Loading

15°F

16°F

16°F

14°F

10°F

14°F

19°F

14°F

20°F

19°F

14°F
NEWS STORIES

Remembering the dangers of fireworks Submitted: 07/03/2014

Kalia Baker
Morning Anchor/Reporter
kbaker@wjfw.com


RHINELANDER - An Independence Day celebration wouldn't be the same without the sparkle and shine of fireworks.

But some types of fireworks aren't allowed in Wisconsin. Using those illegal fireworks in spite of the law can be very dangerous, especially, around children.

It's illegal for you to light fireworks in Wisconsin without a permit.

The Oneida County Sheriff's Office and the Rhinelander Fire Department want you to remember some important details.

"Anything that leaves the ground, or goes bang is an illegal firework. Certainly, if you're lighting off even the legal ones, like the fountains, they can cause brush fires and house fires. You wanna make sure that you're lighting them on either bare dirt, or a concrete blacktop driveway," said Terry William, Rhinelander's Fire Chief.

The fine for using illegal fireworks is nearly $1000.



Your first noise complaint means fireworks will be confiscated.

Rhinelander's Fire Chief says the second call is often too late.

"Unfortunately, the way we end up dealing with the people that use [illegal] fireworks are when the firework goes off on their finger, a traumatic injury from the explosion, or significant burns," continued Williams.

Leaders at the Oneida County Sheriff's Department also want to remind you that many combat veterans live in the Northwoods.

The noise from illegal fireworks could trigger Post Traumatic Stress Disorder, or PTSD.

Using fireworks in most state parks and forests is also illegal.

If you're caught using them anyway, that fine will cost you up to $200.



Text Size: + Increase | Decrease -
Print Story | Email Story
Sponsored in part by HodagSports.com





 IN OTHER NEWS
What We're Working OnSubmitted: 03/06/2015

- One Northwoods football field needs major repairs. Football officials say the field at Jay Stadium in Merrill is almost unplayable. The Merrill Area Public School administration wants to fix the field, but it doesn't know what to do yet. Newswatch 12's Karolina Buczek went to Merrill to find out more.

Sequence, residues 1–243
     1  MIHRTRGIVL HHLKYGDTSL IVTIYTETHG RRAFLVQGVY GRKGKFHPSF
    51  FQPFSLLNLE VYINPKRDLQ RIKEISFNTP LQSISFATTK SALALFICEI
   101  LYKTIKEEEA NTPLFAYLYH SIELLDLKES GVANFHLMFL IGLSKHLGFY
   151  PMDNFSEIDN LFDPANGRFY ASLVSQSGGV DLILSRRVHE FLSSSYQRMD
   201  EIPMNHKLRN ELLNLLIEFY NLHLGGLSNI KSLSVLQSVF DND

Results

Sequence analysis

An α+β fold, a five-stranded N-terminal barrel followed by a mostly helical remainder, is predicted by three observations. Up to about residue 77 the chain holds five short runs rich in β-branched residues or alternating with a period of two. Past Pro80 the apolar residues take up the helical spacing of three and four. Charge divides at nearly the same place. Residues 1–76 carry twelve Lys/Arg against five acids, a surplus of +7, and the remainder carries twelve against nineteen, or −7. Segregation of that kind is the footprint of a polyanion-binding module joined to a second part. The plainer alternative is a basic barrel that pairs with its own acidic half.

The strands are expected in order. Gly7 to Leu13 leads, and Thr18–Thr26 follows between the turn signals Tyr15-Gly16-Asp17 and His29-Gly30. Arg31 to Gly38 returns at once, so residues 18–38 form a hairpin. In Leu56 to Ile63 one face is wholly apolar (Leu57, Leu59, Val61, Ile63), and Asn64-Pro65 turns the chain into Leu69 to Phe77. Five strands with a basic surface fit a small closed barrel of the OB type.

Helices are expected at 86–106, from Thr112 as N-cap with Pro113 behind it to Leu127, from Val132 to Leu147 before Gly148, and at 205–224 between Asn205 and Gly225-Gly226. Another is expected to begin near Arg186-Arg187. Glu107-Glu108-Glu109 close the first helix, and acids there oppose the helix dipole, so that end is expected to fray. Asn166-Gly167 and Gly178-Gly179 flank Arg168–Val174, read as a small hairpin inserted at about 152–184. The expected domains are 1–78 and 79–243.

- Plus, the Phelps basketball team takes being a family to the next level. Four out of their five starters are related

We'll have the details on these stories and more tonight on Newswatch 12 - news from where you live.

+ Read More

Play Video

RHINELANDER - There could be a new trail running along Pelican River. The plan is to have the river trail run from the Chamber of Commerce out to the new boat landing. It'll travel up the Pelican River and connect the hotels along Kemp Street.

+ Read More

Play Video

MERRILL - A Merrill man will spend less than a month in jail for disorderly conduct and carrying a concealed weapon.

Daniel Osness was originally charged with a felony for endangering safety and four other misdemeanors. He took a plea deal Friday.

+ Read More

Play Video

MERRILL - The success of the Merrill football team hasn't gone unnoticed in recent years--but neither has the bad state of the Bluejays' stadium.

"About two years ago, we had football officials tell us we [need to] do something about our field," says Merrill Area Public School Superintendent Wally Leipart. "It's now getting to the point where it's unplayable."

+ Read More

Play Video

RHINELANDER - Prosecutors think 40-year-old Shannon Wolf played a role in the 2003 death of Kenneth Wells. Police found Wells' body in the Wisconsin River near Rhinelander 12 years ago, but no one was ever charged with a crime in connection to his' death.

Now the case against Shannon Wolf will move forward after prosecutors showed a DVD reenactment to the court on Friday and successfully established that there is probable cause for the case to go to trial.

+ Read More

Play Video

WABENO - You may know Wabeno for its 35-foot snowman that appeared this past few winters. But this year it's not called Wabeno's snowman. It's Logan's snowman.

+ Read More

Play Video

MERRILL - Some people might only think about apples when visiting their favorite orchard. For apple grower Dave Pegoria, maintaining an apple orchard is a part of everyday life.

"Helene and I have been developing it over the last 32 years," said the Helene's Hilltop Orchard co-owner. "It's been truly a full-life endeavor."

That's why he wants to make sure he prunes trees at the right time this year.

"Last year, 2014, we had an extremely wet year and an extremely cold year," said Pegoria. "It was so below zero for so long. Just like everyone else, we got hit very hard."

+ Read More
+ More General News
Search: 




Click Here